ONE of the stand-out events in this year’s A Boy Was Born festival in the city, a concert of Britten and Beethoven from one of the world’s leading cellists Natalie Clein, is at Firth Hall next Tuesday.
Her third visit to Sheffield in as many years, she played Shostakovich’s Cello Sonata (and Elgar’s concerto) when becoming the first, and still only Brit to win the Eurovision Young Musician Competition shortly after being crowned BBC Young Musician of Year in 1994.
And it was the Russian composer who introduced Britten to Mstislav Rostropovich, a momentous encounter in 1960 that resulted in a cello sonata, followed by a symphony for cello and orchestra and three solo cello suites for the legendary Russian cellist over the next decade.
Clein was scheduled to play ‘cello symphony’ on the second of her two visits to the city over which she had developed a winning rapport with the City of Sheffield Youth Orchestra.
For reasons unknown, she didn’t, but is performing the composer’s Cello Sonata (premiered 1961) next Tuesday.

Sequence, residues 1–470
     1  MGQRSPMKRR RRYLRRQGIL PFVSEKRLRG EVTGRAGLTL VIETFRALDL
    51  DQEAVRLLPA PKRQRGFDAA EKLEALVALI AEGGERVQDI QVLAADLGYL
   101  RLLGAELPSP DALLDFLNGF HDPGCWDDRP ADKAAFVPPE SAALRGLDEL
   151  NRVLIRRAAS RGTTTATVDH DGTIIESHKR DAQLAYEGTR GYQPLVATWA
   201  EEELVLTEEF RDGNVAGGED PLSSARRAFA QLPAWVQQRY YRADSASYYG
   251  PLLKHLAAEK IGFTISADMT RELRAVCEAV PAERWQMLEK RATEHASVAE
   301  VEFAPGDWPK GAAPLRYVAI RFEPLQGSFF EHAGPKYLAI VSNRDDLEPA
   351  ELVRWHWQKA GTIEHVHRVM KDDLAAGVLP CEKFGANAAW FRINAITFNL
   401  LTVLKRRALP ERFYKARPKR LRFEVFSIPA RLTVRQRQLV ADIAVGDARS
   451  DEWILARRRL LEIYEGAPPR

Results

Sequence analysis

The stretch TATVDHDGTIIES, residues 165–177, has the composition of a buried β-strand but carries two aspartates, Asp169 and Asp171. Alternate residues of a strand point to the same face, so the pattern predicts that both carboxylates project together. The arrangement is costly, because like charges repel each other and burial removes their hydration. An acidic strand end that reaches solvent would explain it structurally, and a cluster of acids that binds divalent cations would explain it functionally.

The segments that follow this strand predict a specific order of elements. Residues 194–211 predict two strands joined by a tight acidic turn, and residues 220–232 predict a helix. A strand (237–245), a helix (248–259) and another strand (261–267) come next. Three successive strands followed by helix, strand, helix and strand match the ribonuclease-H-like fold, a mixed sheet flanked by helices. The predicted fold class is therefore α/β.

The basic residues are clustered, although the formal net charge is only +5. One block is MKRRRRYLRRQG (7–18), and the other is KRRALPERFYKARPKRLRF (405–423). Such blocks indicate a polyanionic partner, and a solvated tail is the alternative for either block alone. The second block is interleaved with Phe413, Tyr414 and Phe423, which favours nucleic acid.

The piece, in five fairly short movements (well, four are!), lasts around 20 minutes, as does the composer’s nine-movement Cello Suite No 1, which Clein is also playing.
Inspired in 1964 by Rostropovich’s playing of Bach’s cello suites, like the Cello Sonata it can be said to be essentially playful in feel, although nothing is vaguely teasing about their technical demands.
Both are passionate works and Clein, who book-ends the Britten works with the last two cello sonatas by Beethoven, Op 72, is nothing if not a passionate performer.
Her pianist is the little known but extremely highly regarded Alasdair Beatson.
Britten first met and heard Rostropovich playing when the Russian gave the UK premiere of Shostakovich’s First Cello Concerto.
And, next Friday (May 10), another outstanding cellist, Alban Gerhardt, performs the composer’s Second Cello Concerto with the BBC Philharmonic in the Sheffield International Concert Season at the City Hall.
Born in 1969, Gerhardt, who released a universally praised recording last year of the five works Britten wrote for Rostropovich – as Shostakovich did his two concertos – is the son of a Berlin Philharmonic Orchestra violinist.
The Second Concerto in 1966 was in stark contrast to the slightly more popular First, written seven years earlier: more expansive in utterance with an irregular adagio-allegretto-allegretto movement structure.
Other works being performed at the concert are Stravinsky’s Rite of Spring and Dvorák’s less-regularly heard set of Slavonic Dances, Op 72, and the orchestra’s chief conductor Juanjo Mena is on the podium.